1.9
October 29, 2014

Finding the Light in our Shadows.

Wikimedia Commons

Solar eclipses are spectacular.

There was recently a partial solar eclipse. Miraculously, the perpetually cloudy Vancouver skies cleared at just the moment of the eclipse’s maximum expression.

I raced out onto the office patio, shielding my eyes and squinting up at the sun (an enthusiastic, but slightly dumbass move, since you’re not supposed to look at the sun with your naked eyes). And, although the sun’s light still shone brightly, a piece of it was missing.

A strange dark leviathan had moved across its face, making the sun less than perfectly round. And in that moment, the edges of the sun—and its brightness—were visible.

A solar eclipse is special because the moon is moving across the face of the sun at just the right angle to partially obscure its sunlight from the earth. In a full solar eclipse, the moon completely covers the sun’s face, so that its rays create a spectacular halo around the dark edges of the moon. Through being obscured, we can see the sun’s true luminosity shining from behind.

Although we continually feel the effects of the sun, we usually don’t really see it. It’s simply too bright; it lives in the world “up there” and is only visible to us when it descends deeply enough toward the horizon to be obscured by our planet’s atmosphere—or when there is a solar eclipse.

The sun’s own brightness masks it from perception.

We experience similar galactic movements in ourselves.

The brightness of our highest essence is always present, visible in the effect we have as we express ourselves in the world. However, this light is so ubiquitous to our “us-ness” that we don’t directly perceive its power.

Similar to the sun on a cloudless day, our highest nature is strangely invisible; we are hidden by our own brightness.

When our lives are joyful, we take the light for granted, and we do not see ourselves.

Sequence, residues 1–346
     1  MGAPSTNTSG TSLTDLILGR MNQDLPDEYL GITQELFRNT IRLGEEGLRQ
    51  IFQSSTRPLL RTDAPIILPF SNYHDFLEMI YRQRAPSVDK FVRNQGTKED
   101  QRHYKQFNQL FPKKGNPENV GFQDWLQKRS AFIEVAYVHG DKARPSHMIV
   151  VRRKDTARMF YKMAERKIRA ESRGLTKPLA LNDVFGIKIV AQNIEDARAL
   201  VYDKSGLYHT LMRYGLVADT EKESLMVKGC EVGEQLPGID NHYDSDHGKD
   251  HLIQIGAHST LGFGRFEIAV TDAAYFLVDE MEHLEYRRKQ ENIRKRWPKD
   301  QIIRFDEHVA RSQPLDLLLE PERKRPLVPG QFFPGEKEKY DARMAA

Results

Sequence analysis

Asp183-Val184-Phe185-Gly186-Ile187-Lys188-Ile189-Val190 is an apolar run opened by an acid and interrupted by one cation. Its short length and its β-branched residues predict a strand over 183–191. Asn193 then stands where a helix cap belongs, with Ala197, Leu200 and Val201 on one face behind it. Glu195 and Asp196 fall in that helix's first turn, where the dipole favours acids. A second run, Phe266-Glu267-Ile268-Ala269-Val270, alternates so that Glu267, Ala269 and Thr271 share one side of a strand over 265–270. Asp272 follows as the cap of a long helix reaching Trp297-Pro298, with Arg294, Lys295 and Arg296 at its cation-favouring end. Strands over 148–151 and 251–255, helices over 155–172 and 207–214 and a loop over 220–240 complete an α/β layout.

Darkness brings revelation.

I remember sitting with my ex-husband on the battlefield of our marriage, the day that I told him we weren’t ever getting back together. We were both emotionally exhausted. depleted, depressed. Through our pain and fear, we had torn each other down, been blind to each other’s pain, and utterly depleted our resources.

Like collapsing binary stars, the gravitational force that had originally pulled us together was now destroying us. In my despair, I had turned to cutting myself to relieve the pain.

We may not always like what is revealed by the shadow.

The darkness that came into my life through my marriage revealed what had been hidden from view.

When life was happily rolling along, I did not see my broken edges, my unfinished business. Only when the shadow fell did these places become exposed. And only in the darkness was there an opportunity to witness, heal, and connect consciously to a greater source, a place of deep compassion and growth in the midst of vulnerability and pain.

When the darkness reveals who we are, can we sit in the vulnerability of our exposure? Can we dare to be so poignantly revealed? The darkness allows us to more fully experience our resiliency, grace, compassion and power.

We shine from behind. We become more sensitive to our sweetness, vulnerability, and humanity.

Through the shadow, we perceive our light.

With my ex-husband, I wanted to resist the revelation; to avoid the terrifying exposure of who I was and what I had created through my fear and pain. But only through this exposure could I heal my broken places.

In the darkest hour of my marriage, I discovered my ability to become accountable, speak my truth, and stand in my own light.

The darkness provides the very instruments through which we are able perceive and evolve our highest selves most fully. While we may not embrace the darkness for its own sake, we can open to its poignant offering to become more exposed, visible, connected and alive.

Through darkness, we become most fully, brilliantly and sweetly revealed.

 

 

 

 

Love elephant and want to go steady?

Sign up for our (curated) daily and weekly newsletters!

Author: Rachel Scott

Editor: Emily Bartran

Photo: Wikimedia Commons

Read 1 Comment and Reply
X

Read 1 comment and reply

Top Contributors Latest

Rachel Scott  |  Contribution: 800